Twenty four conversations, countless emails and three-and-a-half Red Bulls later, I walked away from my last coaching clinic session at MarketingSherpa Email Summit 2013.
I realized a lot of the questions I was asked were deeper than:
Instead, at the root of many questions was a thirst for advice on strategic thinking and test planning.
A common problem I see among marketers is a lack of sound strategy behind testing. We are asking the wrong questions. We’re asking, “What headline should we test?” when we need to begin by asking, “Why is the current headline underperforming?” We need to ask “Why?” before “What?”
As an optimization manager, one of my responsibilities is guiding my coworkers through planning an effective test series for our Research Partners. Each time I go through this exercise, there is a thought process I follow, which is what today’s MarketingExperiments blog post will teach.
But before we begin, I want to emphasize the most important point of this post – the reason I follow this process. If you leave this page with nothing else, please remember:
We test solutions to problems, not ideas.
Okay, now we can get down to the nitty-gritty. Let’s talk about the thought process you should follow to craft a strategy-centered test.
STEP #1: STATE YOUR GOAL
This will lay the foundation for your test, and you will need to continuously refer to your goal. It helps me to write the goal on the whiteboard to remind everyone what we are working towards. This way, we all stay focused.
An example of your goal could be to:
Increase the average order value of customer transactions.
STEP #2: IDENTIFY THE PROBLEM – The “Why”
Now that you have identified your goal, it’s time to start thinking about how to achieve that goal. But before you can craft a successful solution, you need to understand the problem. Ask yourself, “Why?”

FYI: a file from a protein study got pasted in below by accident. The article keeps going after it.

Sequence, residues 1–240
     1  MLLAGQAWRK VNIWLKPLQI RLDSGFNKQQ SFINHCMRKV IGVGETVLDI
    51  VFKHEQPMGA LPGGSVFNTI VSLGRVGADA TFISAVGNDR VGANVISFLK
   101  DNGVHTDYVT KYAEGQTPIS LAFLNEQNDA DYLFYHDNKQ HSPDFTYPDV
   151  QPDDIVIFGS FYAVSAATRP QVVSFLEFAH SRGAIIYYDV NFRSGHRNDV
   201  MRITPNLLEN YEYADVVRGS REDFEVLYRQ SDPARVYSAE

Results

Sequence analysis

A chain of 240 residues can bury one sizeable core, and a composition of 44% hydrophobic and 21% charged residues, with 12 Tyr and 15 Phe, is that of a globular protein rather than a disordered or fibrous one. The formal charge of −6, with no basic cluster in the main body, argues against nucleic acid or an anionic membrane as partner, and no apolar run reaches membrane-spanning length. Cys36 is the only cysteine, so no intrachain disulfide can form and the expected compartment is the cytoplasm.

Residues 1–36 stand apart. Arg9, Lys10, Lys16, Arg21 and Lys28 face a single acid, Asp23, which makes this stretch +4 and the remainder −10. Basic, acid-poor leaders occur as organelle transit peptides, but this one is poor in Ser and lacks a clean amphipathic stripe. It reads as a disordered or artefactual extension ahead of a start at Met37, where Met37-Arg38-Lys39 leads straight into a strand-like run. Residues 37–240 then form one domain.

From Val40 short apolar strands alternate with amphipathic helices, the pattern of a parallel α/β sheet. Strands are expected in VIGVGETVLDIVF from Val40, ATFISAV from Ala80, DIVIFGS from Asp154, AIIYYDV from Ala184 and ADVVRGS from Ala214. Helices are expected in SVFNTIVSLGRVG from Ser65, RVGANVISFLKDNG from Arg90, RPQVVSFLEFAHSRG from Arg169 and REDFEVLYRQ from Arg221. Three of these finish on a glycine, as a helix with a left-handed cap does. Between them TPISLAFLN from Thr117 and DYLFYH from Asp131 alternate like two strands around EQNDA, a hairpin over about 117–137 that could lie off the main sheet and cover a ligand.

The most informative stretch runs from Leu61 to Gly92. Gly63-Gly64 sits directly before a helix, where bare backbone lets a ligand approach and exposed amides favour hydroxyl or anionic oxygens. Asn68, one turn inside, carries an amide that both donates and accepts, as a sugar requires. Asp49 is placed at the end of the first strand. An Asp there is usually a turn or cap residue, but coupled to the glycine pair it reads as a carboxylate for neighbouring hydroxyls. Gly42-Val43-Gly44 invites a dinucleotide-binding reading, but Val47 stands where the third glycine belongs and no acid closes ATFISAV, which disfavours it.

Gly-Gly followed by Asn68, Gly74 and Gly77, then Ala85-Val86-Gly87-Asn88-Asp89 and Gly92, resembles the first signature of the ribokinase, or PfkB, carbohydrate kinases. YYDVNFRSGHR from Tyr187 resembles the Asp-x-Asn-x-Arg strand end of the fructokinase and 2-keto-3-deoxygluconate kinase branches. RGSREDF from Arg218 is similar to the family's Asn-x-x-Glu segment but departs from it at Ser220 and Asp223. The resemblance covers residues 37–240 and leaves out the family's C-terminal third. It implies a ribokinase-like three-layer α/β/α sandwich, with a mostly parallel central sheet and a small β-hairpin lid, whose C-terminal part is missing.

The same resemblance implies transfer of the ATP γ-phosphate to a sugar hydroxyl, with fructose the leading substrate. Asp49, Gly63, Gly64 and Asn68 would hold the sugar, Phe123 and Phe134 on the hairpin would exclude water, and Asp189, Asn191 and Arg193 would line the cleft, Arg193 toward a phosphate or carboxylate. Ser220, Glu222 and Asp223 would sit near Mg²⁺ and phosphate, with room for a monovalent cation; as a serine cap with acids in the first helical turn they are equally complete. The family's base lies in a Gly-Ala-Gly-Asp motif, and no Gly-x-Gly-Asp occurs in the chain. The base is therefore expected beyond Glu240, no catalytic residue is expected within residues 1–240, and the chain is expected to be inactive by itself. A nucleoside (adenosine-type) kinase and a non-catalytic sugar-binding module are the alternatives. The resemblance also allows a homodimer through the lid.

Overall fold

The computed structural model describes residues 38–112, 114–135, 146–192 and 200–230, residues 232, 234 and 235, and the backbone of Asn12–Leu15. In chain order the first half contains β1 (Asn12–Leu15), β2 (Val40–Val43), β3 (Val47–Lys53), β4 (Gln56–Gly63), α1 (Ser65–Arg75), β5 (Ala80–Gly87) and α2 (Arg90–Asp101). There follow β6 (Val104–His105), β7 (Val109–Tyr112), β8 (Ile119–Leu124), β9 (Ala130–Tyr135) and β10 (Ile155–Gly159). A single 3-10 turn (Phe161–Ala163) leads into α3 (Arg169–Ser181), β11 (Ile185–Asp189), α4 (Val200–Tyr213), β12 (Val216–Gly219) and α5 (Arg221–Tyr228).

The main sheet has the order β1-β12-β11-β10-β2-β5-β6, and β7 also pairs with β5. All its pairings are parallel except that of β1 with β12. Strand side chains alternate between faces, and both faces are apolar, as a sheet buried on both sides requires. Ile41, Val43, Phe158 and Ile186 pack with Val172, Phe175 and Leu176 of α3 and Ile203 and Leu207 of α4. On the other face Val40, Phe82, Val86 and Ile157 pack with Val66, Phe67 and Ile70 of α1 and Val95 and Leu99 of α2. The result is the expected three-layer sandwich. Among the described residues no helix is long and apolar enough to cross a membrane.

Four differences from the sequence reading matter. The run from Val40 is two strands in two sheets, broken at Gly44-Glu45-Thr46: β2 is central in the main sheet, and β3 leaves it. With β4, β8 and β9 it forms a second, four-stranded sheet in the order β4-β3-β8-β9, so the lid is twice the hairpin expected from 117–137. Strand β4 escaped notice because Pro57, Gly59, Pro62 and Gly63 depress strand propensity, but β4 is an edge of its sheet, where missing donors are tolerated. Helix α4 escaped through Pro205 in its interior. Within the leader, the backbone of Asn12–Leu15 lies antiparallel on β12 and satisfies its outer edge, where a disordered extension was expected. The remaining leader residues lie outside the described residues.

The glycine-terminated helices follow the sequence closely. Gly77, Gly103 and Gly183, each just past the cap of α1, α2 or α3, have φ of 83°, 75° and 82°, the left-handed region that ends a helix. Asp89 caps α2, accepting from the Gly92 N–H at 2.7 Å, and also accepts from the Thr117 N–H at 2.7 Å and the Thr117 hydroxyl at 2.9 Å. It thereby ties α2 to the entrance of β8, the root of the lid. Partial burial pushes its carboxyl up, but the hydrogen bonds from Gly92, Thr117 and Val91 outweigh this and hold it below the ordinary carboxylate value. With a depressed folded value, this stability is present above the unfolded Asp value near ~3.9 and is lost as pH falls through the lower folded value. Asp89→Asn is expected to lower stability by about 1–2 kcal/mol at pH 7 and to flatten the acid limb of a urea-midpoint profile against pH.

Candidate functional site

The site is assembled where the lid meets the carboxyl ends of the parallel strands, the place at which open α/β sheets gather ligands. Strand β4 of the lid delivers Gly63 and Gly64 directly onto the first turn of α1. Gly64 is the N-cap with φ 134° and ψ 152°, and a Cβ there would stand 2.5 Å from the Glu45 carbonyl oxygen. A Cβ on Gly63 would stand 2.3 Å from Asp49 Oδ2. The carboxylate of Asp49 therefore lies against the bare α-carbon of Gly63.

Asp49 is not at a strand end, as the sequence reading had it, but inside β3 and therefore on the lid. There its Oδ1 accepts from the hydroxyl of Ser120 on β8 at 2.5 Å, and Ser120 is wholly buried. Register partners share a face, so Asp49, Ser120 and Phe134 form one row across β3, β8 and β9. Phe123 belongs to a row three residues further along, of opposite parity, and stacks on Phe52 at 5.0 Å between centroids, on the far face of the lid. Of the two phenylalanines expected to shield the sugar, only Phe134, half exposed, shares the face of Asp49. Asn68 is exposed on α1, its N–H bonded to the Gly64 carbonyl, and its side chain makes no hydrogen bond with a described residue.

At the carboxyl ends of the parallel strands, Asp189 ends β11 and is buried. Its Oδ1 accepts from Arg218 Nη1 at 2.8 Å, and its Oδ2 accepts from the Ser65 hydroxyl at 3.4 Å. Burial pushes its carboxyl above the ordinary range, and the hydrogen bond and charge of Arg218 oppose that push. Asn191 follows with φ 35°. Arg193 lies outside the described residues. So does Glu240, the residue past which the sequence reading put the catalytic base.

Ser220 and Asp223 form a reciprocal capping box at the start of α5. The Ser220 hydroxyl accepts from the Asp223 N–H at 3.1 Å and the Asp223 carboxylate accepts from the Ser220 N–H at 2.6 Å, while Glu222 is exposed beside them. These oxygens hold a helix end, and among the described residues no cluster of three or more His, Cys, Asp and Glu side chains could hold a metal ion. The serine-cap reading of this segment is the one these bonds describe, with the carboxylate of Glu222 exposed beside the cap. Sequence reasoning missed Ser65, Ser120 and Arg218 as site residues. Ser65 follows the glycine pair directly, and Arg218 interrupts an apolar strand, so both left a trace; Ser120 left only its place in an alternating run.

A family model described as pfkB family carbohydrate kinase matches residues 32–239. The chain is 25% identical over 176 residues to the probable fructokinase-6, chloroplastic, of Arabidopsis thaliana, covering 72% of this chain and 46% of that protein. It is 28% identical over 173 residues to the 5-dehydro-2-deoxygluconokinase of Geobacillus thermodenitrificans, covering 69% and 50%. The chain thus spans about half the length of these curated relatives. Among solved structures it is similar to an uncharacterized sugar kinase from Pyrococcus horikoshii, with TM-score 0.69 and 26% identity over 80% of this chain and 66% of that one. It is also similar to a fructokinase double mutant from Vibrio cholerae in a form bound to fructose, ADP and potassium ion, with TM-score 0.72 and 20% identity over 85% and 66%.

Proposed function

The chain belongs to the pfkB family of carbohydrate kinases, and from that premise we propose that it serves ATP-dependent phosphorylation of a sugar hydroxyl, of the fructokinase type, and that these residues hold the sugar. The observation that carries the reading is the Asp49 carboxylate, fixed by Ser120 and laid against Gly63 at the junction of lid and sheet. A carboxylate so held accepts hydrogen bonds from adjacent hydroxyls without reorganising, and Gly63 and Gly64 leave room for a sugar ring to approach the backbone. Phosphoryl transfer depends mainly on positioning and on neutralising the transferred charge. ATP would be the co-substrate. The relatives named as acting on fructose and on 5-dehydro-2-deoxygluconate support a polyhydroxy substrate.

If your goal is to increase average order value, you may begin by asking:
Why are users only spending an average of $50 on my site?
Once you have asked “Why?” you should then form your hypothesis by formulating possible answers to your question – the “Because.”
Users are only spending an average of $50 because:
A. We place the most emphasis on the product that costs $50.
B. The only product that is relevant to our customers is the one that costs $50.
C. They are unaware of the extra benefits of our more expensive products.
As you can see, you can quickly identify multiple possible problems. A trap many people fall into at this point is trying to solve all of these problems at once. This will put you on the fast track to failure with no tangible learnings from your test. Choose one problem to solve at a time.
Sometimes, the biggest problem may not be feasibly solved within your project scope (possibly Problem B). You must choose the problem to solve by weighing the benefits of solving the problem with the costs of testing and implementing the solution.
Let’s move forward with Problem A – We place most emphasis on the $50 product.